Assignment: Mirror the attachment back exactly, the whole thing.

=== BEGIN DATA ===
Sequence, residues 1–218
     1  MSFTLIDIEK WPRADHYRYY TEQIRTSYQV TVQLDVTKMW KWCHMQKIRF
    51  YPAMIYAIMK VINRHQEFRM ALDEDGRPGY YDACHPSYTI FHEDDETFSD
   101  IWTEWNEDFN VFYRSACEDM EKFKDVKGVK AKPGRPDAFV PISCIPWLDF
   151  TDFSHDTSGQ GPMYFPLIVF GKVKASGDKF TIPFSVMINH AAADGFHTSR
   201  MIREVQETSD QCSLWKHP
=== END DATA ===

Sequence, residues 1–218
     1  MSFTLIDIEK WPRADHYRYY TEQIRTSYQV TVQLDVTKMW KWCHMQKIRF
    51  YPAMIYAIMK VINRHQEFRM ALDEDGRPGY YDACHPSYTI FHEDDETFSD
   101  IWTEWNEDFN VFYRSACEDM EKFKDVKGVK AKPGRPDAFV PISCIPWLDF
   151  TDFSHDTSGQ GPMYFPLIVF GKVKASGDKF TIPFSVMINH AAADGFHTSR
   201  MIREVQETSD QCSLWKHP